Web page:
October 2011 Volume 54 / Number 10
Let's take an excursion!
Excursions bring to mind a fun-filled family outing, but in the aviation world, excursions are something to avoid. By now, everyone knows or should know about the runway incursion problem, and the focus is now expanding to include runway excursions as well. Loosely defined, if the aircraft doesn’t leave the runway surface as planned—that’s an excursion!
The two proper ways of leaving a runway are to become airborne without hitting anything and, when exiting, to do it on pavement.
Some well-known excursions involve the airlines: The Southwest Airlines 737 at Chicago Midway that slid off the end of a snowy runway (“Landmark Accidents: Overrun!” December 2008 AOPA Pilot); the American Airlines 737 that slid off the end in Kingston, Jamaica; the recent Caribbean Airlines 737 in Guyana; the American Airlines MD–82 in Little Rock in 1999 (“Landmark Accidents: Bowling Alley,” June 2001 AOPA Pilot). There are plenty of additional examples.
These particular landing accidents involved some sort of runway contamination such as snow or rain. Adverse winds were also contributors. The Caribbean accident is still in preliminary status, so the details may change.
Shifting to turbine GA and takeoffs, there’s the Teterboro takeoff in a Challenger 600 that went awry, and another Challenger failing to get airborne in Montrose, Colorado (“Rocky Mountain Low,” October 2006 AOPA Pilot). A Lear 60 blew a tire on takeoff out of Columbia, South Carolina, and a TBM 850 in Iowa stalled on takeoff. Out of balance, a contaminated wing, a blown tire, and a downwind takeoff are the probable causes in this small sample.
Light general aviation has a far-less-than-stellar record when it comes to excursions. According to the 2010 Joseph T. Nall Report, compiled by the Air Safety Institute, just more than 40 percent of the noncommercial fixed-wing mishaps occur in the takeoff or landing phase of flight. Not all of those could be considered excursions but most of them are. Longer runways are advantageous in keeping the aircraft on the pavement. Light aircraft need so much less runway that the margins are proportionately greater and yet we still manage to go off-roading.
Unlike the airlines, though, GA also operates out of many short or obstructed runways. At the small airport where I learned to fly, at least one transient would tiptoe through the tulips annually. The trees and railroad embankment did a fine job of stopping airplanes but didn’t do much for preserving them in flyable condition. There was great incentive to be on speed and on altitude.
Which brings us to something so obvious that it doesn’t seem worth mentioning, except that too many of our pilots have forgotten what I call the “Goldilocks parameters.” Too much or not enough airspeed, too much or not enough altitude, or a misalignment will lead to an excursion. They all have to be just right lest one of the bears gets upset. Doesn’t matter if you’re flying a jet or a J–3, the principles are exactly the same.
Because most pilots tend to be wary of stalls, the tendency is to add airspeed. If five knots is good, maybe 10 knots is better. An old Mooney I used to fly chewed up an impressive amount of runway when landing with an extra five knots. On speed, it was one of the nicest-landing aircraft. Less-streamlined airframes are more forgiving, but sloppy airmanship does not serve well on shorter strips.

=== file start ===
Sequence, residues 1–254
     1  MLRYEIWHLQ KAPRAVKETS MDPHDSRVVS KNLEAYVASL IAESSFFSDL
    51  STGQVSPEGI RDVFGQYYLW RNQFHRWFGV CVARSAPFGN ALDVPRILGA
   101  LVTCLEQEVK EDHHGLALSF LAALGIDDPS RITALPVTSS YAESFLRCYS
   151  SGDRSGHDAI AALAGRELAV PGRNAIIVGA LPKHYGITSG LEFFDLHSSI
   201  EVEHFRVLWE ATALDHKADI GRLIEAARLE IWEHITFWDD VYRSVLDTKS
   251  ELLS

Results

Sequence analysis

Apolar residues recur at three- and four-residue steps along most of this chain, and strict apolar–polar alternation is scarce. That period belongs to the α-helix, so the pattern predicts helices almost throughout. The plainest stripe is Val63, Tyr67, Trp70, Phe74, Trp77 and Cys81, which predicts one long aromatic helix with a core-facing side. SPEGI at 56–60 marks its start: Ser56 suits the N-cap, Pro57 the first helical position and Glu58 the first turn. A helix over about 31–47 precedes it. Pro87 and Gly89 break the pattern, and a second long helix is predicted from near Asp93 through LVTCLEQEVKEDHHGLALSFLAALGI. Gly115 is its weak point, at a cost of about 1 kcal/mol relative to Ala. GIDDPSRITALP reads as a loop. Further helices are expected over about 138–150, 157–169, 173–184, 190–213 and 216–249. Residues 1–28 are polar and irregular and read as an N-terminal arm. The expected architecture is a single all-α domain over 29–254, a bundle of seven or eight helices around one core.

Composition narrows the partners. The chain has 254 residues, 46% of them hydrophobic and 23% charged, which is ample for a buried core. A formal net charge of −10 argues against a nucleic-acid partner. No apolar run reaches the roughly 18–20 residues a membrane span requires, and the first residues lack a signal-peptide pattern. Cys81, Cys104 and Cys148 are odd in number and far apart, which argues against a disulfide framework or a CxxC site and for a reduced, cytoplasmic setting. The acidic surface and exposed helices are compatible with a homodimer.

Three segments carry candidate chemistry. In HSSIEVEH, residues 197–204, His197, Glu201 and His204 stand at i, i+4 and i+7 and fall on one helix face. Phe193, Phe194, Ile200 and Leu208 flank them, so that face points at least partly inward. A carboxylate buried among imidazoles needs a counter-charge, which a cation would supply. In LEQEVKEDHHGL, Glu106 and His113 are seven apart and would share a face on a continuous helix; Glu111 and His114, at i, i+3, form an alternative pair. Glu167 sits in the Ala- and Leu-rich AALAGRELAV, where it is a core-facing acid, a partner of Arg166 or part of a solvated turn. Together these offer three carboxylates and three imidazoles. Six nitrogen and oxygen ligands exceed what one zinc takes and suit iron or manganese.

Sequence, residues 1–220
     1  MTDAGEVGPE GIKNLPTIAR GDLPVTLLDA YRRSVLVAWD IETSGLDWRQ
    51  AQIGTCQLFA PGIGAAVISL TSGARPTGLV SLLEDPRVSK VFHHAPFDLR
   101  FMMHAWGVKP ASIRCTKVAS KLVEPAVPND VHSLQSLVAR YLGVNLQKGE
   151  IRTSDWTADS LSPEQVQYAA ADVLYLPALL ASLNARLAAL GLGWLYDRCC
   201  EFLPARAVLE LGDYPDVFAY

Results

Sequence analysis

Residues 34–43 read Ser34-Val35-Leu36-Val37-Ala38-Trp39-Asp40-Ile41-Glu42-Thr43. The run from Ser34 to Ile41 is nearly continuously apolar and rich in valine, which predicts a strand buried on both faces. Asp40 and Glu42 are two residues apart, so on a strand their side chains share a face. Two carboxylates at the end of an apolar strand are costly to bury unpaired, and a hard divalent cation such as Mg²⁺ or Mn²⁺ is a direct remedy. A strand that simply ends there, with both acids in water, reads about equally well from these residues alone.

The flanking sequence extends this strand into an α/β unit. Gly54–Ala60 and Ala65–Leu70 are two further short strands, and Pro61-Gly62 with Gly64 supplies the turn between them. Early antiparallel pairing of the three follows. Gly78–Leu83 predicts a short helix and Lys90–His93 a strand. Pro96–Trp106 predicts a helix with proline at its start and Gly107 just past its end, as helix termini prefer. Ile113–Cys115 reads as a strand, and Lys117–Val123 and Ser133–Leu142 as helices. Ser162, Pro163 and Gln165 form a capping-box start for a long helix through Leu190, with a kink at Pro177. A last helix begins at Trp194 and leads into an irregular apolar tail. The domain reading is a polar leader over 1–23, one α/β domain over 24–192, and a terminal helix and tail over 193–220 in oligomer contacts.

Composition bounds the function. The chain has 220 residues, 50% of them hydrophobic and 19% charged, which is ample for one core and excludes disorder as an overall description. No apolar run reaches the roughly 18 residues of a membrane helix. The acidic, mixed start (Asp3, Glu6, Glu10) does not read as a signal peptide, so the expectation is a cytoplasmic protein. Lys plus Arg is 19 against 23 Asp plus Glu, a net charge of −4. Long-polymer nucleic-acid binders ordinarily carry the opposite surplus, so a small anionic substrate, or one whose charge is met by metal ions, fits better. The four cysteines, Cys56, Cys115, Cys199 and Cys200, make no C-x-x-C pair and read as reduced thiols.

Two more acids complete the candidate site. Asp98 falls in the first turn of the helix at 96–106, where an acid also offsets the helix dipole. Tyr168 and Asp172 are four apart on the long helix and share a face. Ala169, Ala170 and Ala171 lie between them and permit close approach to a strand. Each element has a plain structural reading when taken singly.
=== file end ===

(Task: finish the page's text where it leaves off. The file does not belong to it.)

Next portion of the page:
Downwind takeoffs and landings are universally a bad deal. In several of the cases cited above, had the pilot(s) chosen a different runway more aligned with the wind, chances are good they wouldn’t be a topic of this discussion. Even a light tailwind makes a noticeable difference. In the case of a fatal accident in Owatonna, Minnesota, a Hawker 800 business jet landed with an eight-knot tailwind. The NTSB, comparing the computed landing distances between no wind and a 10-knot tailwind, estimated that it could take 843 feet, or about 20 percent more, and that was before the wet runway was factored in.
Aircraft flight manuals and pilot operating handbooks used for light aircraft may underestimate the distance needed to stop on wet runways. My belief is that the performance figures used in light-aircraft POHs are better used as marketing comparisons than as operational numbers, especially in any adverse conditions. For light aircraft, the Air Safety Institute recommends adding 50 percent to whatever the test pilots were able to eke out with a new aircraft under similar ambient conditions.
Managing the best two out of three of Goldilocks parameters still won’t keep us out of the rough. Misalignment is the leading cause of runway departures for light aircraft. That’s shorthand for departing the sides of the runway and is most often caused by lazy foot syndrome—where the pilot fails to use rudder in appropriate quantities to stay on the runway centerline.
To corrupt the title of a wonderful book by Robert Fulghum, everything you needed to know about runway excursions wasn’t learned in kindergarten but as a student pilot. Just as we forget the profound lessons of childhood, as we go about busy aeronautical lives; growing into bigger, faster, more sophisticated aircraft; so too we forget the profound lessons of basic airmanship. They don’t change.
Bruce Landsberg was named president of the AOPA Foundation in 2010.